Five experiments are contained in one Get Away Special Canister (5 cu ft). The first utilizes microgravity to separate biological cells and to study the mechanism of phase partitioning in 12 separate cuvettes. Two experiments are designed to grow organic crystals by physical vapor transport. One experiment consists of eight electroplating cells with various chemicals to produce surfaces electroplated in microgravity. Some of the surfaces have micron sized particles of hard materials co-deposited during electrodeposition. The fifth experiment intercepts cosmic ray particles and records their paths on photographic emulsions. The first four experiments are controlled by an on-board C-MOS controller. The fifth experiment is totally passive. These are the first in Space. Their purpose is to create new commercial products with microgravity processing.

  15. Growth of the peritrich epibiont Zoothamnium intermedium Precht, 1935 (Ciliophora, Peritrichia) estimated from laboratory experiments.

    PubMed

    Utz, L R P

    2008-05-01

    Peritrich ciliates are commonly found colonizing living substrates. Although this a well known phenomenon, biological aspects of this relationship need to be studied in more detail. Assessment of growth rates in peritrichs has been the subject of very few studies. Only species in the genera Carchesium Ehrenberg, 1830 and Vorticella Linnaeus, 1767 had their growth rates evaluated in the field and in the laboratory. In the present study, growth, colonization (colonies/host), and proliferation (zooids/colony) rates of the peritrich epibiont Zoothamnium intermedium Precht, 1935 attached to the calanoid copepod Acartia tonsa Dana 1848 were evaluated in the laboratory in two food regimes: bacteria only, and algal based diet. Results showed that growth, colonization, and proliferation rates were similar for both diets. Maximum growth rates obtained for Z. intermedium was 0.85 and 0.83 per day, for bacteria and algae respectively. Maximum colonization rates were 0.5 per day for both diets, and the maximum proliferation rates were 0.44 and 0.42 per day for bacteria and algae respectively. These results demonstrate that Z. intermedium is able to grow at the same rate of other peritrichs on bacterial and algal based diets.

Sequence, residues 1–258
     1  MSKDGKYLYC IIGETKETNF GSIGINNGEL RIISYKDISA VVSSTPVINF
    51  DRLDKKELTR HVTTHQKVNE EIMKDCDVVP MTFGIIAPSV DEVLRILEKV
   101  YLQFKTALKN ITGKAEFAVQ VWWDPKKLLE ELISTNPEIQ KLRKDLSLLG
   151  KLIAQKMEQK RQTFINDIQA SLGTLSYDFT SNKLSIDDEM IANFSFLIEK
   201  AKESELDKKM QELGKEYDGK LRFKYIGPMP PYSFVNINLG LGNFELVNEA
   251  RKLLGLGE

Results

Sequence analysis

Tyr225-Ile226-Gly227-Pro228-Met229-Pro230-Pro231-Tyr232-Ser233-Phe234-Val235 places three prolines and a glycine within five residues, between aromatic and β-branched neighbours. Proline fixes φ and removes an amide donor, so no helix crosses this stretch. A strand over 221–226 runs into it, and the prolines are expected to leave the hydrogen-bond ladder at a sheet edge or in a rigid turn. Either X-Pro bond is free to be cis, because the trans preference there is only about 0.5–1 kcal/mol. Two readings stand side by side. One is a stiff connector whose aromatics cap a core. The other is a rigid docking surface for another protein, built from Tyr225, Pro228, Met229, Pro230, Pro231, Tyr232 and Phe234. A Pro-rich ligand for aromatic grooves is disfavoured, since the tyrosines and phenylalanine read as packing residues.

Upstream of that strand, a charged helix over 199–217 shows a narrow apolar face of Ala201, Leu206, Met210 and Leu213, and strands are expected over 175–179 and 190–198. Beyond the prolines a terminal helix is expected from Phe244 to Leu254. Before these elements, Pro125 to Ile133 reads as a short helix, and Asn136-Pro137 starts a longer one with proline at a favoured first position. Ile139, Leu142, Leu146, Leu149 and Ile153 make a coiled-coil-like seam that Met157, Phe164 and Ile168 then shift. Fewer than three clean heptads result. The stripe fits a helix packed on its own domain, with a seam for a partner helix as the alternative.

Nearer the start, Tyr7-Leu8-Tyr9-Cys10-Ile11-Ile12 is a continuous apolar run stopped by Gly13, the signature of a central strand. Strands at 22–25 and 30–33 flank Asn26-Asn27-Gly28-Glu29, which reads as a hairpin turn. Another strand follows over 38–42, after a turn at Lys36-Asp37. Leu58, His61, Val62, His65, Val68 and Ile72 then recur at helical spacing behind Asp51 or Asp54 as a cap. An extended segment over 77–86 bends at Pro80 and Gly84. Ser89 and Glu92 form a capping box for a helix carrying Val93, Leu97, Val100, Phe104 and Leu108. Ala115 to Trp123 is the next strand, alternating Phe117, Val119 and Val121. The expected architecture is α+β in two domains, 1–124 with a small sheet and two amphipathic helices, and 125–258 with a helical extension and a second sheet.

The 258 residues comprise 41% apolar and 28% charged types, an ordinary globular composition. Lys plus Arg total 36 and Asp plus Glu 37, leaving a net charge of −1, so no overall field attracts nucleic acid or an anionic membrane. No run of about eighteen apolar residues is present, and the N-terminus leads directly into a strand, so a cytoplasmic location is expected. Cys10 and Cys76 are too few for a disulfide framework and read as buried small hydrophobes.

16. Ground based experiments on the growth and characterization of L-Arginine Phosphate (LAP) crystals

    NASA Technical Reports Server (NTRS)

    Rao, S. M.; Cao, C.; Batra, A. K.; Lal, R. B.; Mookherji, T. K.

    1991-01-01

    L-Arginine Phosphate (LAP) is a new nonlinear optical material with higher efficiency for harmonic generation compared to KDP. Crystals of LAP were grown in the laboratory from supersaturated solutions by temperature lowering technique. Investigations revealed the presence of large dislocation densities inside the crystals which are observed to produce refractive index changes causing damage at high laser powers. This is a result of the convection during crystal growth from supersaturated solutions. It is proposed to grow these crystals in a diffusion controlled growth condition under microgravity environment and compare the crystals grown in space with those grown on ground. Physical properties of the solutions needed for modelling of crystal growth are also presented.